Nancy Pelosi appeared determined to press ahead with a make-or-break vote on Joe Biden’s $1.2tn bipartisan infrastructure bill in the US House of Representatives on Thursday, even as progressive lawmakers threatened to sink the flagship piece of the president’s legislative agenda.
“We are proceeding in a very positive way to bring up the bill . . . in a way that can win,” Pelosi, the Democratic speaker of the House, told reporters on Capitol Hill on Thursday morning, after several days of crunch talks with the White House and members of Congress.
Biden has staked his presidency on two pieces of legislation: the bipartisan infrastructure bill and a $3.5tn investment in America’s social safety net that is staunchly opposed by Republicans and would need to pass the Senate with only Democrat votes via a manoeuvre known as reconciliation.
The larger bill has been held up by opposition from two Democratic senators on the right of the party, Joe Manchin from West Virginia and Kyrsten Sinema from Arizona.
On Thursday, Manchin revealed he had told Democratic leaders he could not guarantee his support for a reconciliation bill larger than $1.5tn — considerably lower than Biden had hoped.
Sinema’s office also said in a statement Thursday that the senator remained concerned about the size of the spending bill and had shared her “priorities, concerns, and ideas” with the White House and Chuck Schumer, the Senate majority leader. She said she was still engaged in discussions to “find common ground” on the legislation.
Progressive Democrats in the House have told Pelosi they will not vote for the bipartisan infrastructure package without clarity on the second, larger spending bill.
After meeting with the Speaker on Thursday afternoon, House progressive caucus chair Pramila Jayapal told reporters progressives were “in the same place”, adding: “We will not be able to vote for the infrastructure bill until the reconciliation bill has passed.”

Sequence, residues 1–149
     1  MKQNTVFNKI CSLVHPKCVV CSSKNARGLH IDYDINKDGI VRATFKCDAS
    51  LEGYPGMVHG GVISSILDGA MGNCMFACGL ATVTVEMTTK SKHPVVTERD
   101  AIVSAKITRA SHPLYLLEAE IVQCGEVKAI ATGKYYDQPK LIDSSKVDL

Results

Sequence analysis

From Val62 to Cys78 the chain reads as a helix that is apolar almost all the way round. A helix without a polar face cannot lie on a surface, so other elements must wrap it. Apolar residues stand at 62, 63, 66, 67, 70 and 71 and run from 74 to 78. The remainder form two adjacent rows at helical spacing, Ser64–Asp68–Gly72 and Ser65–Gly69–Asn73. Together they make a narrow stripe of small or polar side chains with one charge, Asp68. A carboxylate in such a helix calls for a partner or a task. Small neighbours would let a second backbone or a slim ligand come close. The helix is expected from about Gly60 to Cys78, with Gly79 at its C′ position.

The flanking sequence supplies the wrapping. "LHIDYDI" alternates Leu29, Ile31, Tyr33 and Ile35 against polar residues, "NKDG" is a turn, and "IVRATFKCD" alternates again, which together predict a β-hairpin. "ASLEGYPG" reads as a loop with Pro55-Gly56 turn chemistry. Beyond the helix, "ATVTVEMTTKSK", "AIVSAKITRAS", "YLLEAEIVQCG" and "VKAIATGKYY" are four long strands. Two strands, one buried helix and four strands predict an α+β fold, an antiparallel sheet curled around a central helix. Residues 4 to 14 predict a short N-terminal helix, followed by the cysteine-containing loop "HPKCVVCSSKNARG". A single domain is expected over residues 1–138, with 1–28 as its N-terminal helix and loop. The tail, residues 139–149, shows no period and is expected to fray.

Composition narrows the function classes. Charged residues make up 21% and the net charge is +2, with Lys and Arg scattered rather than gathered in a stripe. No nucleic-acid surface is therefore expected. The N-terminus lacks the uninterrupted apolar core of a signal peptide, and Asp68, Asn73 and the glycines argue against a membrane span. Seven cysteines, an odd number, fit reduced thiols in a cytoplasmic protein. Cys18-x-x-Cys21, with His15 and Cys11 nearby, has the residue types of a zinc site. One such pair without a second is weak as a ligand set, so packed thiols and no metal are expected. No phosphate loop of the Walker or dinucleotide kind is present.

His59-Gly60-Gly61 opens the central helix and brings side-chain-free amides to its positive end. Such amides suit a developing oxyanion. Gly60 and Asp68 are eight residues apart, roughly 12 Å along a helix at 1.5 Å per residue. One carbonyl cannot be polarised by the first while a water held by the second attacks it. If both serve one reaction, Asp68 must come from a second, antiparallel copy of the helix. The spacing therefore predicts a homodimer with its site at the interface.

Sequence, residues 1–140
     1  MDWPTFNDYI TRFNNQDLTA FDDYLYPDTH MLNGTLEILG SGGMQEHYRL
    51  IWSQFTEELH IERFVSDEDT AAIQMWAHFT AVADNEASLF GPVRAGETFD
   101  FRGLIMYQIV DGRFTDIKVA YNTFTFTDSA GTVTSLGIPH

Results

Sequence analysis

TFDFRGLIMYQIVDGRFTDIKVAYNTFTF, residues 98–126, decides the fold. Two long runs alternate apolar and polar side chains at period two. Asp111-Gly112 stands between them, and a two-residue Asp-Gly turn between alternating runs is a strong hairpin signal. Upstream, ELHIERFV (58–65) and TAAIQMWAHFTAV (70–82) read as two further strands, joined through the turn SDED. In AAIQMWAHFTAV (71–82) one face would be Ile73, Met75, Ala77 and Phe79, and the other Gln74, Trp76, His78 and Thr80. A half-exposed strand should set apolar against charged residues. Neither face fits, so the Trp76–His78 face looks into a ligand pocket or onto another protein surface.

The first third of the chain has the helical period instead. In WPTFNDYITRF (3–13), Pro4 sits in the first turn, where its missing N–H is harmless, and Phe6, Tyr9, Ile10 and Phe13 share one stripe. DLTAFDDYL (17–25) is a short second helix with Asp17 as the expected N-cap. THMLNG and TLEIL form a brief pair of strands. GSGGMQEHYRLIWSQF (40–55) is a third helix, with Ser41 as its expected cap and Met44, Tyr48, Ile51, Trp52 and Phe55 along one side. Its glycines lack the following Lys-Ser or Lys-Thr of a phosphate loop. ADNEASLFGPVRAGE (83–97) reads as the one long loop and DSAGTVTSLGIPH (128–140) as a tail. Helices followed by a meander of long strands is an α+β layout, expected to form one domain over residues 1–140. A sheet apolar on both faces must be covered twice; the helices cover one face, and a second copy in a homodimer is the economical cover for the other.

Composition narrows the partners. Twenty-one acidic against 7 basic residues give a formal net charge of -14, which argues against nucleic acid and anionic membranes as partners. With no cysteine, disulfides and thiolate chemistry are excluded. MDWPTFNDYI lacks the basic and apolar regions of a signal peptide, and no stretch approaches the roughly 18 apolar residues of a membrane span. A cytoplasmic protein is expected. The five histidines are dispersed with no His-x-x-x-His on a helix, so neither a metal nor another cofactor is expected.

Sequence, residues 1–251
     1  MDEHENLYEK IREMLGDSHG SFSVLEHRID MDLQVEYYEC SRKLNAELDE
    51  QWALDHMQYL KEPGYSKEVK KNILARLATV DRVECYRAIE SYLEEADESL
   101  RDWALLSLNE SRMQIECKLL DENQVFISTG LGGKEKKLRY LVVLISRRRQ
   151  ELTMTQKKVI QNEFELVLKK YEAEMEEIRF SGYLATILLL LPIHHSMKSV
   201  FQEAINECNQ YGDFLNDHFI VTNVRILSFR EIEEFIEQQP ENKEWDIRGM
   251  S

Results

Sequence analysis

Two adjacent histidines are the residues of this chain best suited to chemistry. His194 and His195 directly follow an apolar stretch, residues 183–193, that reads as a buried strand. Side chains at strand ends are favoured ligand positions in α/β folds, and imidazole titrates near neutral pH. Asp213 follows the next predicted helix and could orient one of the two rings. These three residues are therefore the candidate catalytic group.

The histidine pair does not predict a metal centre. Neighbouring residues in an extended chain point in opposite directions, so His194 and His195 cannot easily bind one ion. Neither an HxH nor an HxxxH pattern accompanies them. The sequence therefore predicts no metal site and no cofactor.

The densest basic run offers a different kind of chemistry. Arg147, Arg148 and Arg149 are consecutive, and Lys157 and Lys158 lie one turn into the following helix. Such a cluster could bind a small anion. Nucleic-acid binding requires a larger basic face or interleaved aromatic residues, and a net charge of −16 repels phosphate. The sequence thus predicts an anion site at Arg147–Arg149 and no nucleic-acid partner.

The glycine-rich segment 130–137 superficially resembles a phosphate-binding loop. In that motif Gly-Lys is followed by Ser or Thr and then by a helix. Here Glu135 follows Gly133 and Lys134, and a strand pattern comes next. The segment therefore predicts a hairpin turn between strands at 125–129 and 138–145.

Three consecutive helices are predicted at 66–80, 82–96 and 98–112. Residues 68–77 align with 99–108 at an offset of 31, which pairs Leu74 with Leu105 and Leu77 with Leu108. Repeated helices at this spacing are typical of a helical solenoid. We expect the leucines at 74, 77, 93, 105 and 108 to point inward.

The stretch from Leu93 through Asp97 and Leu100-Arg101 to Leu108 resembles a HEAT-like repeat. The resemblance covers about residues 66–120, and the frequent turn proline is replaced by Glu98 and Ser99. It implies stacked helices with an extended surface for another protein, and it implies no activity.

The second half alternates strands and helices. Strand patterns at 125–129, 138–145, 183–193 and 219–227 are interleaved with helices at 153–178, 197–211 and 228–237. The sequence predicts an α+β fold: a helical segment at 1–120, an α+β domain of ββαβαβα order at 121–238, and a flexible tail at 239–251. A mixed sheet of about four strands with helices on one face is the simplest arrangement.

“The way the president sees it, this is an ongoing discussion, an ongoing negotiation,” Jen Psaki, the White House press secretary, said.
“Right now, we are clearly in the thick of it,” she added. “We’re taking it hour by hour right now . . . this is the president’s top priority.”
Pelosi, a longtime legislator with a record of emerging victorious from tough negotiations, has repeatedly said she will not hold a vote until she is confident she will win. Yet despite the Speaker’s optimistic tone on Thursday, many on Capitol Hill remained sceptical that she would be able to get the infrastructure package over the line this week.
When asked by reporters whether he was confident the infrastructure bill would pass on Thursday, Steny Hoyer, Pelosi’s number-two, said: “Nope.”
Progressives cried foul late Wednesday after Manchin issued a lengthy statement saying he could not support $3.5tn in additional spending. “At some point, all of us, regardless of party must ask the simple question — how much is enough?” the senator asked.
Manchin has proven to be a thorn in the side of the White House and many members of his own party in a Senate that is divided, 50-50, between Democrats and Republicans. Kamala Harris, the vice-president, can cast a tiebreaking vote, but any one Democratic senator can torpedo a bill given the tight arithmetic.
Pelosi nevertheless insisted on Thursday that a reconciliation bill would eventually be signed into law, calling the proposed sweeping social investment a “culmination of my service in Congress”.
The mad dash to salvage Biden’s domestic agenda comes as lawmakers scramble to avert a government shutdown and confront the spectre of a potential US debt default should lawmakers fail to raise the federal borrowing limit.
On Thursday, the House and Senate both passed a “continuing resolution” to fund the government for another two months and avoid a shutdown ahead of a Friday 12:01am deadline.
But the debt ceiling issue remains unresolved, with Republicans refusing to sign on to raising the borrowing limit and Democrats insisting that they do not have enough time to pass the measure without opposition support.
Treasury secretary Janet Yellen warned earlier this week that the government risks running out of money by October 18 — an outcome she warned would be “catastrophic” and precipitate a financial crisis. On Thursday, Yellen told lawmakers that she would support eliminating the debt ceiling altogether.
Additional reporting by Colby Smith in New York